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Many scholars say that history, excepting some fluctuations which are to be expected, always maintains throughout the centuries a linear vector, towards Humanity’s progress and it’s civilization’s improvement.

Thus, according to this theory, circumstantial crisis, war, isolated revolutions and regressions would be just cathartic moments in history, which would contribute to the society’s progress, raising the levels of equality and development. Science, technology, health, solidarity, nutrition, or improvement of the governmental structures would be to experiment, following this linear vector, a constant increase throughout the centuries.

b-1-10.jpg However, now we might be entering a new historical period: there’s evidence more than enough that history is no longer a vector moving forward, but two vectors confronting each other, one of them facing progress, the other an obvious regression. The pictures of this report talk by themselves.

b-1-1.jpg The mountains of trash that have accumulated at the Alameda de Hércules are more, so much more, than a photographic report of a labor dispute among the City Council and the company responsible for the city’s cleaning service. It’s society who’s buried under the weight of waste. Not society if we take it just as a collective of individuals, but understood as a harmonic whole, based on solidarity among its members. On the contrary, over the mountains of waste it’s globalization who is domineering, along with blunt capitalism and with the death of welfare state and public services.

b-1-3.jpg Don’t think about who had the right on his side this time. Try to keep away from the daily press and the strike’s specific incidents, and even lay aside for a while your private likes and dislikes. Was the lack of solidarity to keep roaming freely everywhere, was our society to sink even deeper in the crisis it’s suffering –not only economic but of principles-, the day wouldn’t be far in which no solution for the dispute would be at hand. No one will take care of us when we’re sick. No one will educate our children. No one will collect our garbage. No one, unless we have, as individuals, money enough to pay for it out of our own pockets.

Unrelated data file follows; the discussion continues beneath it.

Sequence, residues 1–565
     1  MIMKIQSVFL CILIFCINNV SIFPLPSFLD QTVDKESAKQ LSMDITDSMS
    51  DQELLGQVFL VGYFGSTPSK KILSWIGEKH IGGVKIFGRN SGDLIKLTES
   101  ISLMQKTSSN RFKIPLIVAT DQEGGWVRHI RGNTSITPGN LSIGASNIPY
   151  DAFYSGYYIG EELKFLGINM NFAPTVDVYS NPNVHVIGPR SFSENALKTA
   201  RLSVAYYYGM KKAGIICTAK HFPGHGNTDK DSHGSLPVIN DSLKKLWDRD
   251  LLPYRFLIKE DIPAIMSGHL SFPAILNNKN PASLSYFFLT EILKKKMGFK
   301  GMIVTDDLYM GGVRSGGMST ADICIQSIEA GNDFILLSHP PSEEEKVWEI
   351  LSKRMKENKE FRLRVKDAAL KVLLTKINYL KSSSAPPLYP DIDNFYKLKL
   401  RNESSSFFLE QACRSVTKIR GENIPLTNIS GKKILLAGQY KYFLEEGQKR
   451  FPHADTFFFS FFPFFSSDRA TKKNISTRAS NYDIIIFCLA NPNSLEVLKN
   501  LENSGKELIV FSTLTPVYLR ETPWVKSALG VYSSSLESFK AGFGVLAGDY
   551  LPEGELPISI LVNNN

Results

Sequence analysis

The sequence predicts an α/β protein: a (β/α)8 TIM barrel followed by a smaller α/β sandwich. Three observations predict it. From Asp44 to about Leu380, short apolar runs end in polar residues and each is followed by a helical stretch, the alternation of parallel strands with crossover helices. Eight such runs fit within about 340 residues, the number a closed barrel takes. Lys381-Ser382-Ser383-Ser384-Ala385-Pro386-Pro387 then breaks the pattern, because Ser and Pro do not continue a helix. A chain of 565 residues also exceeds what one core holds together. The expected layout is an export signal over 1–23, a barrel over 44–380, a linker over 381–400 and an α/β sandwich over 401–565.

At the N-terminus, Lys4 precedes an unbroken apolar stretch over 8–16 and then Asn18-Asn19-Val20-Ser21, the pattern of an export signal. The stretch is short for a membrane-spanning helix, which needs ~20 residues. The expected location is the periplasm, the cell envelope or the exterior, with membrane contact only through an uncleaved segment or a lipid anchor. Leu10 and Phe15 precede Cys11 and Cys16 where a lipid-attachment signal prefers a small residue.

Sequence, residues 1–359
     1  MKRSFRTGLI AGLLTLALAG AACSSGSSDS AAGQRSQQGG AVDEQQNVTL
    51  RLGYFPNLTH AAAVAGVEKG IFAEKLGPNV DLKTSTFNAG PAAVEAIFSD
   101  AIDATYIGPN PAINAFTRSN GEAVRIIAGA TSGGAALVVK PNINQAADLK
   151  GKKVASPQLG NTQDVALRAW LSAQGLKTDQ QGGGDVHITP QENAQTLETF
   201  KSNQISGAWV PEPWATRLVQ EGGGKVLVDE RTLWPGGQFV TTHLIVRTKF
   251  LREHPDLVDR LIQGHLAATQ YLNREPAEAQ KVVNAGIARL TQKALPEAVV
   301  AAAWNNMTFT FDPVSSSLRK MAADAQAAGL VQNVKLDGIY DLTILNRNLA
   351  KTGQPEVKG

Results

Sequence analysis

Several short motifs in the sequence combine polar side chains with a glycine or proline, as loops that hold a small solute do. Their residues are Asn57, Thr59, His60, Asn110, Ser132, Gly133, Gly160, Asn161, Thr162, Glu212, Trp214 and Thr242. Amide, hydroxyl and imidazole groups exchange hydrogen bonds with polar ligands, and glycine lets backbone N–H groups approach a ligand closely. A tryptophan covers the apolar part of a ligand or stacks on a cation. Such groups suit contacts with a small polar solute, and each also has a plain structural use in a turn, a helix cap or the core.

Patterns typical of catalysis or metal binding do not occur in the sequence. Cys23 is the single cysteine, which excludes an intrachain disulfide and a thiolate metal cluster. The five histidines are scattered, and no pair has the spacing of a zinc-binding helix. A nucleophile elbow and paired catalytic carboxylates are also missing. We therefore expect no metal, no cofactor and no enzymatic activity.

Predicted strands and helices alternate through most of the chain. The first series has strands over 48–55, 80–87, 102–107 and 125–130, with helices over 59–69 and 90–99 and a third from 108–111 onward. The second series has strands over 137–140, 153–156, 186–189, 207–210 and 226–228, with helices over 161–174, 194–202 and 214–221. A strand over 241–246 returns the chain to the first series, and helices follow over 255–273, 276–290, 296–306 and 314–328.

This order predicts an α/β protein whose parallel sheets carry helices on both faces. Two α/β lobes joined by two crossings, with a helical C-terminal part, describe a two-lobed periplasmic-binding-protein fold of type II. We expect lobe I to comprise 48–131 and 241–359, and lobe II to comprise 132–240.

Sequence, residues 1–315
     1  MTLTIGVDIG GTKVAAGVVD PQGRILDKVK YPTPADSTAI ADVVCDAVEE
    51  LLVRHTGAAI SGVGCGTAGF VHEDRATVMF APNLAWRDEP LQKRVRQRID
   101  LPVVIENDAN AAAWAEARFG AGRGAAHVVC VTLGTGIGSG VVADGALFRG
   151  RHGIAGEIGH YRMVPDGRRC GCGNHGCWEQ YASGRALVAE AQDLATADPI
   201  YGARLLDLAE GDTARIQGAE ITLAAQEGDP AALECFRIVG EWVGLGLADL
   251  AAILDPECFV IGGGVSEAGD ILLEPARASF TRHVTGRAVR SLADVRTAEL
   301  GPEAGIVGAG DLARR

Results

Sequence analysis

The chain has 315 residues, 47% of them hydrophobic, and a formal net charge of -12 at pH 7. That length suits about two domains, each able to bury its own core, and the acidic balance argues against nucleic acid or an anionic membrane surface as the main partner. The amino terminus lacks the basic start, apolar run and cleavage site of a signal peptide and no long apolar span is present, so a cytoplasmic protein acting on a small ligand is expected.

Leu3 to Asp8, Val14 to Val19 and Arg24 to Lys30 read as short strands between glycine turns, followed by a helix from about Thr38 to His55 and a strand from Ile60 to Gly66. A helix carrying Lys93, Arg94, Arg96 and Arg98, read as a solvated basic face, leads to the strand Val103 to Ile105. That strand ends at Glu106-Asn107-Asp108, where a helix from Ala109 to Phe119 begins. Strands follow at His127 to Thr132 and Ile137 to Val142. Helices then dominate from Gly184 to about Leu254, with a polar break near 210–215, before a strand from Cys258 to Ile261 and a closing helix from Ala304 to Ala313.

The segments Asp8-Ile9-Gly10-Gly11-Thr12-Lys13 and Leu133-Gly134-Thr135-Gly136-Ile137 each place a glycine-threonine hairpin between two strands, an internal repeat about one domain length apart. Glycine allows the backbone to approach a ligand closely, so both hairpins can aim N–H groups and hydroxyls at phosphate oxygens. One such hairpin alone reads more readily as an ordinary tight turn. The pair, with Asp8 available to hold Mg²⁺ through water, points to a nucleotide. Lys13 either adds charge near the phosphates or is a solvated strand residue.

b-1-4.jpg But, at the same time, we will be instantly connected to the rest of our suffering human companions, thanks to our smartphones, our tablets and our digital cameras. In real time we will be able to retweet, share on Facebook or send to our mailing list any possible information.

Our streets, on which beggars will wander along with our kids without schooling, will be flooded with waste and stagnant waters, offering an excellent breeding ground for epidemics we believed belonged to the past.

b-1-5.jpg Tweets like this wouldn’t be absurd, therefore: “@leondesanmarcos retwitted: hundred people more infected at Alameda. RT? #bubonicplague” Or something like “Vale Wale, Elena Urbina and 5 others like your state: the waste mountain in Rioja Sreet reaches the forth floor. Pitbull-sized rats have been seen. Share on your walls.”

b-1-8.jpg Social services wouldn’t exist, but of course we wouldn’t lack forms to exchange information, facts, complaints, jokes, blog analysis and press news. A never-ending information exchange followed by an indestructible passivity. We wouldn’t be citizens any longer, but witnesses and spokespersons of our own lack of citizenship. Of our decay.

b-1-6.jpg In the meanwhile, both historical vectors will continue advancing, confronting each other and breaking the little social fabric left. All the social and humanitarian progress developed in the last three milleniums will vanish, but technology will be improved until we become some kind of savages with Tablet and I-Phone.

We never disposed of such an amount of information. At the same time, we’ve never been as passive as nowadays.

b-1-9.jpg I wonder what would have happened if the people who lived in Paris in July 1789 would have had access to the same means of exchanging information we enjoy today. I wonder if they would have assaulted the Bastille or if they would have resigned themselves to reproduce over and over again a tweet similar to this one

“Louis XVI closed Estates-General. Coup d’état by absolutist king. Peope still without sovereignty and democracy #LouisXVI #summerinparis RT ???”

b-1-7.jpg If we want history to advance on one vector alone, the one of progress, solidarity and democracy, we should abandon our roles as simple spectators and spokespersons and become the actors of public life.

#turnofourcellphones y #cleanupthetrash

No one is going to do it instead of us.

Joaquín Saravia

Fotos: Valentina Ricci

Traduction: Clara Palma